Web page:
The most troubled pipes tended to be in the city’s poorest and Blackest neighborhoods. Johnson was unsurprised. He had seen a similar pattern across the state, in which the disparities between access to water in Black neighborhoods and in White neighborhoods were so stark that the U.S. Court of Appeals for the 5th Circuit in 1971 asserted that cities could not discriminate against races when distributing municipal services. That case, Hawkins v. Town of Shaw, reflected the legacy of water policy in Mississippi.
Johnson estimated that fixes to the water and sewer system would cost $400 million. But he needed to figure out how to get the funds to a city that was losing money, people and power.
Once a sprawling metropolis of 200,000, the capital city’s population had been decreasing since the 1970s, after White families settled in the suburbs following a court mandate to integrate schools.
And when Johnson became mayor, he felt that he was treated as if he lacked the know-how to do the job, despite his background as a city planner. Even for something as small as landscaping flowers at a state park near city hall, he recalled skeptical state officials asking him: “Do you have a plan for that?”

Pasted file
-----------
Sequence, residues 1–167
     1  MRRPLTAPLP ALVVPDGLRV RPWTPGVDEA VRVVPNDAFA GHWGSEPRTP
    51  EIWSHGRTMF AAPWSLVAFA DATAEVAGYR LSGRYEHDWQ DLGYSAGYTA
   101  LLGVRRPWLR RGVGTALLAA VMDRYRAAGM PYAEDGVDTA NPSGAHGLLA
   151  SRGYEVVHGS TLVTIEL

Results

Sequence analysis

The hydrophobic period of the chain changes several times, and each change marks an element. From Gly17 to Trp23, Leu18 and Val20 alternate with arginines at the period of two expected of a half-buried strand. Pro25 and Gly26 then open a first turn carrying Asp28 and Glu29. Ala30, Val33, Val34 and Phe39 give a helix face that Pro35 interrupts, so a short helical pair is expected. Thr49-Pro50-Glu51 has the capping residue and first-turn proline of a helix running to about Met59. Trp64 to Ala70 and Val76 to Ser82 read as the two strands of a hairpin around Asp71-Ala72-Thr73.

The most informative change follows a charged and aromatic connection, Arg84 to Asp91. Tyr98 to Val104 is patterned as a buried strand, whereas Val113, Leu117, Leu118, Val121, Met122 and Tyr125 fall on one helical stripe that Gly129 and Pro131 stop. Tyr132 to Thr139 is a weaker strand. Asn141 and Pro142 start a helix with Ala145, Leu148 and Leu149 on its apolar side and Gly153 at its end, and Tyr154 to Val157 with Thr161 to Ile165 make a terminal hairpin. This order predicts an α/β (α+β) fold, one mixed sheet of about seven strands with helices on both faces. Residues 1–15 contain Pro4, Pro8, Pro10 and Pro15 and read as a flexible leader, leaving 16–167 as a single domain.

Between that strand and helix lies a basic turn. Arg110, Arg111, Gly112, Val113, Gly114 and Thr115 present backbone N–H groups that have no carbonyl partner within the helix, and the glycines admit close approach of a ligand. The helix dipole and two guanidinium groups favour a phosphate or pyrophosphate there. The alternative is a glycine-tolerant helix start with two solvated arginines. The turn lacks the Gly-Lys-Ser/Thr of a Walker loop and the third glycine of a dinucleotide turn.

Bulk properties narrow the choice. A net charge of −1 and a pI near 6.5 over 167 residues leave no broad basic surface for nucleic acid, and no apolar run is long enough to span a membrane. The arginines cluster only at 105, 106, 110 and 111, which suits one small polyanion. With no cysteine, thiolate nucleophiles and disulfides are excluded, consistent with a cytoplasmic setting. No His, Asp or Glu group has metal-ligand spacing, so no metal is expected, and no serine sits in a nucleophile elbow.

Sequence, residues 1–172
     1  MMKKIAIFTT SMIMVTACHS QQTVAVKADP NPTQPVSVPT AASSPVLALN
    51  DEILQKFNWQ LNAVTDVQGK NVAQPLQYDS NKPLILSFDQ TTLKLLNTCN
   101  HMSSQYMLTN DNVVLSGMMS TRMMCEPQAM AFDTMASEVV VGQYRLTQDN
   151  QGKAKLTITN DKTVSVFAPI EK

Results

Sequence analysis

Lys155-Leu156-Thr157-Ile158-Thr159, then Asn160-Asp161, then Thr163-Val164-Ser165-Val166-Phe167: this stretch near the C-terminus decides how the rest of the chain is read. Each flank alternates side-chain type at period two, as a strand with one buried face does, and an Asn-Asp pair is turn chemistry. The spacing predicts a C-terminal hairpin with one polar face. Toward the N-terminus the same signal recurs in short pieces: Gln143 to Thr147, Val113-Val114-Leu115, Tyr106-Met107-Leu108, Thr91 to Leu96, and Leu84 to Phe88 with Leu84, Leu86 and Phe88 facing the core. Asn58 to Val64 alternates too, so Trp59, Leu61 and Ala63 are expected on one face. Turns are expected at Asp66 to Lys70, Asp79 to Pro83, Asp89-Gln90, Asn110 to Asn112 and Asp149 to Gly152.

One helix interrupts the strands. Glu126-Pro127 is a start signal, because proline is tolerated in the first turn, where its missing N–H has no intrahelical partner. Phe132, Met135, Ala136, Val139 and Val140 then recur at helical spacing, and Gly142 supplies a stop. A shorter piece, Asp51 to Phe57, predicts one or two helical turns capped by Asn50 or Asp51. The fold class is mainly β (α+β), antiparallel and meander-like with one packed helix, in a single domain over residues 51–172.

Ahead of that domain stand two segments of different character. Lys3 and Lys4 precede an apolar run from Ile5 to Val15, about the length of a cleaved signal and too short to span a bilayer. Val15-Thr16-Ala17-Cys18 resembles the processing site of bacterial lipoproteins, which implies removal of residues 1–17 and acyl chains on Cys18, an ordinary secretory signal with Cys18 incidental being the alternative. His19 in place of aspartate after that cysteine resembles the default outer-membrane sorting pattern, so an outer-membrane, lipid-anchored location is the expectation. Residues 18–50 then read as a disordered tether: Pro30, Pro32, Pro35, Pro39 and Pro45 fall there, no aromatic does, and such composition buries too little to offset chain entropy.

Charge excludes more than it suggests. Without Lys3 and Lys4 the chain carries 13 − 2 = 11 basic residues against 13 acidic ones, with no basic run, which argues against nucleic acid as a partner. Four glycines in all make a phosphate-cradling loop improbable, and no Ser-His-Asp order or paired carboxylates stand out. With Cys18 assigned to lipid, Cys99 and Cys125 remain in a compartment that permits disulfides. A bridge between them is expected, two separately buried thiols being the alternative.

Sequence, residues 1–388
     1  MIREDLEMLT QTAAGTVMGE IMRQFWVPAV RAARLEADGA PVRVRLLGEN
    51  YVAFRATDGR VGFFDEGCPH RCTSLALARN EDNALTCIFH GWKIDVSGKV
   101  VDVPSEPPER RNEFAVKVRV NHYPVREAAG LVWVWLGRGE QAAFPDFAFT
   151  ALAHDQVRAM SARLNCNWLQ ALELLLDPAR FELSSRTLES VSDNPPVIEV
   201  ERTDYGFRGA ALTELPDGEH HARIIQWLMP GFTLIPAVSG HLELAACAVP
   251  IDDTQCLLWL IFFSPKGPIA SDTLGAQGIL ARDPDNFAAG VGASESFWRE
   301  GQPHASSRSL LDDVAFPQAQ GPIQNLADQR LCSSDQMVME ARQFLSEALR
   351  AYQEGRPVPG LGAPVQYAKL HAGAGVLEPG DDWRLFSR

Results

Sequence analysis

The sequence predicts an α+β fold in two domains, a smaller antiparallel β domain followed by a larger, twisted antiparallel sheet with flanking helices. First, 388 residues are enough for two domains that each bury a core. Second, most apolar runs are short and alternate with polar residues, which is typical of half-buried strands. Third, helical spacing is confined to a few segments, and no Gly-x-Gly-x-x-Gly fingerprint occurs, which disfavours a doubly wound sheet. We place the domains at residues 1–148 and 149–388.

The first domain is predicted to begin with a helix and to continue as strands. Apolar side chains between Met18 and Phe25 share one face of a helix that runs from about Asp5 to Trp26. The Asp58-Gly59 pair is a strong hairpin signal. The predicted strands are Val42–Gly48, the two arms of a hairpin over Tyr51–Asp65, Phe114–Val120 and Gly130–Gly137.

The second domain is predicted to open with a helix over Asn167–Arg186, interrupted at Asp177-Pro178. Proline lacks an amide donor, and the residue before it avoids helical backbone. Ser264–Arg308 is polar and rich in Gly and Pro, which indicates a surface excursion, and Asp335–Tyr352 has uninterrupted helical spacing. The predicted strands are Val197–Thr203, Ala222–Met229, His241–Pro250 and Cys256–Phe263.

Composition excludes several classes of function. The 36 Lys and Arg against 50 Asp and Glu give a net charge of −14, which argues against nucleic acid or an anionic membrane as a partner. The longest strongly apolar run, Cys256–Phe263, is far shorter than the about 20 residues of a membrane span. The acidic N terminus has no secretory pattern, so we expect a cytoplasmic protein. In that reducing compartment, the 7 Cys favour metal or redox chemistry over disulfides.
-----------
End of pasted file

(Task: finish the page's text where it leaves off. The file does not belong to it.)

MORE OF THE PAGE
It reminded him of the premonition that former Atlanta mayor Maynard Jackson, the first Black leader of a major city in the South, shared when Johnson entered office: “You will have high expectations from your Black residents and high anxiety from the Whites.” Johnson said he had to find ways to balance both.
“I think the opposition was because of who I was, not the position that I occupied,” Johnson said. “You feel it. It’s just like when you go into a department store and all of a sudden you got somebody walking around, seeing if you are going to take anything.”
Johnson became widely known for his decision to take Confederate flags out of city buildings and to take down a portrait of Andrew Jackson that hung over the chambers in City Hall. None of these acts endeared him to the mostly rural, White lawmakers in the state Capitol who regularly rejected his proposals for financing.
In 2009, the state legislature finally approved a bill Johnson hoped could help raise more money for city operations. The bill would allow the city’s residents to vote on a 1 percent sales tax to raise money, which would generate around $13 million a year.
There was a caveat: The ballot question included the creation of a commission that would oversee how the money was being spent – with less than one-third of the members being from the city’s actual government.